Bill No. 5 relates to a question propounded to this girl after she had testified to the unnatural acts of intercourse with her stepfather and his actions immediately thereafter, and she was asked the question, "Have these acts occurred before?" Before the objection thereto had been ruled upon, the girl answered, "Yes many times." Whereupon the trial court sustained appellant's objection thereto and instructed the jury not to consider the question and answer for any purpose. Nevertheless, appellant's attorneys insisted that the question and answer could not be eliminated from the minds of the jury and asked for *823 a mistrial. The bill herein attempts to make this question refer to the insertion of a banana and the weiner in the girl's body, but the trial court refuses to so certify, and refers us to the statement of facts. From its perusal, it seems to refer to prior acts of intercourse of which there seemed to be many, and this matter will be further discussed in Bill of Exceptions No. 6.
This last bill refers to the introduction in proof of further acts of intercourse had between the appellant and the prosecutrix while in Dallas, as well as other acts with her stepfather while in other states, beginning, it seems, while she was ten years old and living in Sioux City, Iowa.
Bills Nos. 7 and 8 also involve the same proposition relative to the admission in evidence of prior acts of intercourse in a charge of rape under the age of consent.
It is here worthy of note that while appellant did not take the witness stand, he did enter a plea of not guilty, and it became the duty of the State to prove its case. See Booker v. State, 124 Tex.Cr.R. 562, 63 S.W.2d 1033; also 42 Tex.Jur. p. 78, sec. 55.
The decisions of this court relative to the admission of prior acts between the same parties in prosecutions such as the instant one have not been entirely uniform and have caused some confusion in trials therefor.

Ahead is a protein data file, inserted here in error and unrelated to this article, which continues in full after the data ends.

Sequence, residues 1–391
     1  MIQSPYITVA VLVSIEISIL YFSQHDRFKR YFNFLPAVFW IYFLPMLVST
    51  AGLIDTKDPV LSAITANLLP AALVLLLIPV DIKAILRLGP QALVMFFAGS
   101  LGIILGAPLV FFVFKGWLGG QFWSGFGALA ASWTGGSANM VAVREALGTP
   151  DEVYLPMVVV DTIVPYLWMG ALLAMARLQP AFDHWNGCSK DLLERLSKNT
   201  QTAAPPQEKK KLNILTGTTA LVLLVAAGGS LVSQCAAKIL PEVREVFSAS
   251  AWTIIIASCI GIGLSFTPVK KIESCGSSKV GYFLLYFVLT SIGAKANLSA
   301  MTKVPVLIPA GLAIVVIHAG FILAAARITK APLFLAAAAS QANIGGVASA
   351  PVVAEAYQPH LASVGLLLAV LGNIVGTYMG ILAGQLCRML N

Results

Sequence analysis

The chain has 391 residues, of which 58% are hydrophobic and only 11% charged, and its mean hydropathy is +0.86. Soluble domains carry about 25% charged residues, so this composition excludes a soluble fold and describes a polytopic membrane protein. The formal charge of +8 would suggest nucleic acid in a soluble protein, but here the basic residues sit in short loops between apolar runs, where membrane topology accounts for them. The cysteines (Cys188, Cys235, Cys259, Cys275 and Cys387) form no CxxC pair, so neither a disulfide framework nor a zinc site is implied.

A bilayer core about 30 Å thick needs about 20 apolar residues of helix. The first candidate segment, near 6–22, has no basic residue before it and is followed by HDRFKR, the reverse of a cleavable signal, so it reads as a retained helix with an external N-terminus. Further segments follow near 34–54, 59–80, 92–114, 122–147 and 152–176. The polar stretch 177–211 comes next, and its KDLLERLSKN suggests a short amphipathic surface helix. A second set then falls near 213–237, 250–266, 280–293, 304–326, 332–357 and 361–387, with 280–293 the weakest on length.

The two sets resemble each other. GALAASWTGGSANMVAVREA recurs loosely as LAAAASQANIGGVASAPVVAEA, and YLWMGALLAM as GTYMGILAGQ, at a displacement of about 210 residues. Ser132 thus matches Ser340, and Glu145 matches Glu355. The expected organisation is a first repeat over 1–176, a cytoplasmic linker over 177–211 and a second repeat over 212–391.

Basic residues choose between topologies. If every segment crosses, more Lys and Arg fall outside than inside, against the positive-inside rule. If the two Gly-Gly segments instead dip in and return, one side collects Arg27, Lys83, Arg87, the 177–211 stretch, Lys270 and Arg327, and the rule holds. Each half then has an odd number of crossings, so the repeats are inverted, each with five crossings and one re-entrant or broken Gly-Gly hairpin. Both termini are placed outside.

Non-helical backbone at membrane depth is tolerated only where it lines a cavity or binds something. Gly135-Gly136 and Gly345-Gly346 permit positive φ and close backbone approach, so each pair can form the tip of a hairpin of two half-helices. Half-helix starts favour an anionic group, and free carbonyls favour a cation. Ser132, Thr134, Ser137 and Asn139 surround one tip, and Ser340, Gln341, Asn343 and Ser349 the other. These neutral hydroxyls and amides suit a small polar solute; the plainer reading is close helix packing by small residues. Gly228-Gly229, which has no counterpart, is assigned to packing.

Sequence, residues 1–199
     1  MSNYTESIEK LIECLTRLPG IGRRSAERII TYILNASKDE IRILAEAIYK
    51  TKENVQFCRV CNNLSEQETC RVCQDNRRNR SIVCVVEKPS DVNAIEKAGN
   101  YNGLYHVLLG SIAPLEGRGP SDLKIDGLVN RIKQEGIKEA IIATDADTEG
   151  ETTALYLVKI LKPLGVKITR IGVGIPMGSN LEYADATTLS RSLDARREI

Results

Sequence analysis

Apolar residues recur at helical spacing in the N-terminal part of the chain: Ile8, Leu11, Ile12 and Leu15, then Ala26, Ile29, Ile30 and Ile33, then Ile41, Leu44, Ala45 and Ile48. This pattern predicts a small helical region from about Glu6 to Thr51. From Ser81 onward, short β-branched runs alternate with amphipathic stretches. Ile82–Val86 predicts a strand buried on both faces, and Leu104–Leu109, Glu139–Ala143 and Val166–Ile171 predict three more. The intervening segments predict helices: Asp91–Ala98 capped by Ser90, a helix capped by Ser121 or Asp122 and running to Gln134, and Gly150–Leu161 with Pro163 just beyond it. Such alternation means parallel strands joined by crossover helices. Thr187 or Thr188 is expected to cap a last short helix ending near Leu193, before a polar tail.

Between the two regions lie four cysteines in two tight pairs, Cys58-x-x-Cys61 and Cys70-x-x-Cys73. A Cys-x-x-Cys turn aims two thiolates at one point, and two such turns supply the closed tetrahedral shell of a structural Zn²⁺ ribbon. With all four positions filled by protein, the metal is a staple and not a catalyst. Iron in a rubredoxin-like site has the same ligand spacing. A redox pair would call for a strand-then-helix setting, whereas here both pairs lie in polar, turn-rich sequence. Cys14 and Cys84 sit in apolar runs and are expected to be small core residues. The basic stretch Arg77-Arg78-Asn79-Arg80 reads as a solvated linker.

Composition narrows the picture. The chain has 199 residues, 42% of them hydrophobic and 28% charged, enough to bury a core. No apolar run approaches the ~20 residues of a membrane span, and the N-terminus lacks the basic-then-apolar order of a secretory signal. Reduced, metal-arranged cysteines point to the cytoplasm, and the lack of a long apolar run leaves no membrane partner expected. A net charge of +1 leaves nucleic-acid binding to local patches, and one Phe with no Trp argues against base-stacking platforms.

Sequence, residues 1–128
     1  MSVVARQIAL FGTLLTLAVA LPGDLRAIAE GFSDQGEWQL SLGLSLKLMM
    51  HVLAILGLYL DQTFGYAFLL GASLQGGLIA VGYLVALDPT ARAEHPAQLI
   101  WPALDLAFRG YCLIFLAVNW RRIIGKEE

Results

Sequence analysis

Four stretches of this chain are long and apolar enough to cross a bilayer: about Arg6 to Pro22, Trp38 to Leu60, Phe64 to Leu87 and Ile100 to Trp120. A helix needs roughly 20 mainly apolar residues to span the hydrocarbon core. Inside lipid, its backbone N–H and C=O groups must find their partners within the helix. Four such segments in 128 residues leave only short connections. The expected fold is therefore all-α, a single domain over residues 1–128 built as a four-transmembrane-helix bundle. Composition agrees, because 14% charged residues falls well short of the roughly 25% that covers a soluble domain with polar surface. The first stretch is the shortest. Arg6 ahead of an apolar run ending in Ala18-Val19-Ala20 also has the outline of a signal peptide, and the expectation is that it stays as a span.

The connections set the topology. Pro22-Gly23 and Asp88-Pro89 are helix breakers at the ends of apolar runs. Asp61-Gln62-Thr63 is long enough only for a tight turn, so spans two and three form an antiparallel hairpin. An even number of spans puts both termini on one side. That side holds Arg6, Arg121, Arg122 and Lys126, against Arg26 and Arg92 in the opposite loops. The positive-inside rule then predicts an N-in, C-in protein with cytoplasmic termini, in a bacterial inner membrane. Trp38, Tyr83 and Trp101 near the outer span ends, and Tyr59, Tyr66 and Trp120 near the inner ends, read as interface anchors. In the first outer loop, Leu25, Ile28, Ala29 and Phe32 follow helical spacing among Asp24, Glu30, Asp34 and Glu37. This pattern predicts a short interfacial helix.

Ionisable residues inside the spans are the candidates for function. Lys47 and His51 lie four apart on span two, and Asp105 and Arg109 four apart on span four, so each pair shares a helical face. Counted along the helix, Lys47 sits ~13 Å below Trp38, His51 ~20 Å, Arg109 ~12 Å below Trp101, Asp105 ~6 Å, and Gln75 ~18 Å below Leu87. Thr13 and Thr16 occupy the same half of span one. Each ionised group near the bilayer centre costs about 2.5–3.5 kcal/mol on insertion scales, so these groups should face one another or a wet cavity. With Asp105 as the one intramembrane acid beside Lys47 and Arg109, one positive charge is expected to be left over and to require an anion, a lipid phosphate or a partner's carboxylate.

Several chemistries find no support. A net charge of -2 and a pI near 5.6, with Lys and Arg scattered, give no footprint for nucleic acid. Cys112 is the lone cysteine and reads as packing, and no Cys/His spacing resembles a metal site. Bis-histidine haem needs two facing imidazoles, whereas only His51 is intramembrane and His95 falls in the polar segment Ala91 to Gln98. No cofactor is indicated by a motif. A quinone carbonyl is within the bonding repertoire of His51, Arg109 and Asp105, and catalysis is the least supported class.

We do hold that in trials of an accused for rape under the age of consent and if material in determining the truth or falsity of the accusations, there can be taken into consideration the associations between the parties and their evident regard each for the other as evidencing the probability of the charged act and the unnaturalness of the accused's attitude toward the victim of his lust, even in the presence of other acts of like character to the one on which the prosecution is based.
We quote again from People v. Scott, 141 Pac. 945, as set forth in White v. State, 137 Tex.Cr.R. 481, 131 S.W.2d 968, 969, as follows: "Any act or declaration of defendant tending to show a desire or purpose on his part to have illicit relations with the prosecutrix or any solicitation or representation made by him to excite a similar desire on the part of his victim, or to overcome her natural aversion to wantonness, would be relevantly and clearly connected with the crime and therefore admissible."
In matters of incest or rape under the age of consent, it is often of importance to show the attitude between them and the relative size, age and strength of the parties, and if possible, to show how one in a position demanding care and guidance of a related person, has failed in such duty and has adopted an unnatural attitude relative thereto, and by fondling or otherwise, evidences a desire for sexual gratification toward such child or relative. We therefore think that where any such acts become material to thus show them they are admissible. That the previous sexual conduct with this girl prior to the charge and since she was a 10-year-old child was admissible herein. Any cases holding to the contrary will be overruled without setting forth the same herein.